Did Ben-Gurion University Really Ban Women From Blessing Hanukkah Candles?

How a festival of lights flamed into a burning media controversy over the exclusion of women in an Israeli academic institution.

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Rivka Carmi has had to defend Ben-Gurion University against charges from many sides over her years in the institution’s top job, but the last accusation she thought she’d ever have to confront was that the university has an official policy of supporting discrimination against women.

Eight years ago Carmi was appointed as president of the university, located in the southern city of Be'er Sheva. As the first woman to ever serve as university president in the State of Israel, it’s more than a little ironic that she should have to deal with headlines like: Ben-Gurion University Forbids Women To Light Chanukah Candles in Official Ceremony.

But that’s how she spent a good part of the week, after a group of female students protested what they said was a policy of excluding women from blessing the Hanukkah candles and singing holiday songs at the official university ceremony, and the incident blew up in the media.

For the past eight years, Carmi said in a phone interview, she was utterly unaware that anything was amiss with the candle lighting held in the lobby of the student center. Each night, a member of the university administration would be invited to light a candle in front of a group of faculty and students. The blessing was made, songs were sung, Hanukkah doughnuts, sufganiyot, were free to all, and everyone was happy.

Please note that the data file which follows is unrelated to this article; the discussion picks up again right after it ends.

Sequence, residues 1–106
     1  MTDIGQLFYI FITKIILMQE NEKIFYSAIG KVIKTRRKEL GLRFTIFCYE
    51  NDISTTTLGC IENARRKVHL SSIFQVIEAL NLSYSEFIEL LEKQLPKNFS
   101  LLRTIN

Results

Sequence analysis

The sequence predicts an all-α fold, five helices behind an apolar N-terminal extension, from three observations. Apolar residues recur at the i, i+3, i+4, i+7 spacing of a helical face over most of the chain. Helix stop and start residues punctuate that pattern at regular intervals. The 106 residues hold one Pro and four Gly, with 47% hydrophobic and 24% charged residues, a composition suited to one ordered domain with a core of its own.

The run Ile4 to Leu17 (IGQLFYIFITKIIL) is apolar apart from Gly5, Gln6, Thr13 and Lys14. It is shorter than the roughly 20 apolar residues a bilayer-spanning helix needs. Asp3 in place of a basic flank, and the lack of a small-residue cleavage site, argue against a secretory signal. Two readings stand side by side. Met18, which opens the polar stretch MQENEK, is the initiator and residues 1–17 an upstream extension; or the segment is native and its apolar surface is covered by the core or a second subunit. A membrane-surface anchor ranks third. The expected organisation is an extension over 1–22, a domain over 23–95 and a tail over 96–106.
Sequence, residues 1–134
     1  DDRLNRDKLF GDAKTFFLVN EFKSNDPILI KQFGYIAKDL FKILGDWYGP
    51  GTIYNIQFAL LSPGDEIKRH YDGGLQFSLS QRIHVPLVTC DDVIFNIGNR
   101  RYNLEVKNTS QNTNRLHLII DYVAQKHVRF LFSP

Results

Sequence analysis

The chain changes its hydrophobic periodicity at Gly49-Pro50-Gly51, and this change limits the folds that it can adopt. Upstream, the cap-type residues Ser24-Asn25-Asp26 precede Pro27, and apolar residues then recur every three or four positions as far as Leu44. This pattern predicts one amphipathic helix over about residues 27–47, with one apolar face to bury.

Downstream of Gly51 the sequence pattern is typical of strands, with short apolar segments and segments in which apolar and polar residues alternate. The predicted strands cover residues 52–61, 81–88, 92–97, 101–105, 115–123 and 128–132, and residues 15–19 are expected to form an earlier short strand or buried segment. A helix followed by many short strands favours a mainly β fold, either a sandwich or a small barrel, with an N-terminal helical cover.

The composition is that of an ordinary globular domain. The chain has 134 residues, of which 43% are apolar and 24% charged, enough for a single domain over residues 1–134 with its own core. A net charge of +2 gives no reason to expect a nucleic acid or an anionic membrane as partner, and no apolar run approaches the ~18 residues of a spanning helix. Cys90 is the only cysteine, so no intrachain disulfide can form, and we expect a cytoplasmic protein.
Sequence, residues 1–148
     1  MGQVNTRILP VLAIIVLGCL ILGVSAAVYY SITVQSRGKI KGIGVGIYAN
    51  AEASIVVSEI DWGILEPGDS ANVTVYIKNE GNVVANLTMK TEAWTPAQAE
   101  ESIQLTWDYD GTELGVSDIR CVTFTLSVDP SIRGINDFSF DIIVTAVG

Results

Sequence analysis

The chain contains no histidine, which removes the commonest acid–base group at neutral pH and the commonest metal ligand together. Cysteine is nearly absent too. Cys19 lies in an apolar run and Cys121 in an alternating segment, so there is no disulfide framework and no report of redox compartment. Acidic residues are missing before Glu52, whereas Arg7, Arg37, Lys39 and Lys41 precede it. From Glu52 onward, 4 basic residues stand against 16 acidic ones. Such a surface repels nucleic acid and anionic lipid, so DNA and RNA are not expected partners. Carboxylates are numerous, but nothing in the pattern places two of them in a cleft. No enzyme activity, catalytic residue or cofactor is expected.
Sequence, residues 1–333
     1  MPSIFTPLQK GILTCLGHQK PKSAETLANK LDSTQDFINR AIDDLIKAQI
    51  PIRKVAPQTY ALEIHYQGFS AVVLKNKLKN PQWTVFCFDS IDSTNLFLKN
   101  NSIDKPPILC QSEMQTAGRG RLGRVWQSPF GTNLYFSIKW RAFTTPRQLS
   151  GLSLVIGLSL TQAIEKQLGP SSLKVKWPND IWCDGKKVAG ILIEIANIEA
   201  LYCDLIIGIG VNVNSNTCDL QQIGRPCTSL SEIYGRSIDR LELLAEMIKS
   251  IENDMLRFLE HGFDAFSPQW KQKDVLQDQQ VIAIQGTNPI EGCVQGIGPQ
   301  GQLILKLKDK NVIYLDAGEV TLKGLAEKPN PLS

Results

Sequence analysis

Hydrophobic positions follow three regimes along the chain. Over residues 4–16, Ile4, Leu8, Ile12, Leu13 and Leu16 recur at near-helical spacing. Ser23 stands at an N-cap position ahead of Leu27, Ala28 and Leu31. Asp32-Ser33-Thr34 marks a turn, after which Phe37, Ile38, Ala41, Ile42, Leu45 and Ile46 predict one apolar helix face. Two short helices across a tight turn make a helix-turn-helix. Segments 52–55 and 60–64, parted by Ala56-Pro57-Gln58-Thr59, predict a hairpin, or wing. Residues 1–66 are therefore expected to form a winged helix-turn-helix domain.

“Every year, I just put it on my calendar, lit the candles, enjoyed myself, and went back to the office.” she said. She was never asked to say the blessing over the candles, Carmi added, but had no idea it was because of her gender. “If I was excluded, I didn’t have a clue.”

Late last week, however, a group of female students came to her and protested that at the university candle-lighting, as scheduled this year, no women were being given the opportunity to light and bless the candles and that it was not fair.

“For the first time in eight years, someone enlightened me on the subject," she said. "As soon as they raised it, I told them ‘you don’t have to go on, it is not acceptable.’ I said I would do everything to change this."

After clarifications and consultations, Carmi made an executive decision: this year, every night, a man and a woman would light and bless the candles together. So close to the eve of the holiday, she didn’t want to cancel the participation of any of the men. Next year, men and women would alternate lighting the candles on different nights - both light the candles and bless them.

She thought the problem was solved. But then Rabbi Gil Blizovski, the orthodox campus rabbi, objected - and she agreed to compromise with him, in acknowledging the fact that he had already worked hard to organize the imminent event and he said the women’s prayers would offend his sensibilities. This year, “out of respect,” she agreed that the women would light and the men would bless the candles; but “I made it clear that next year it will be my way or the highway,” she said.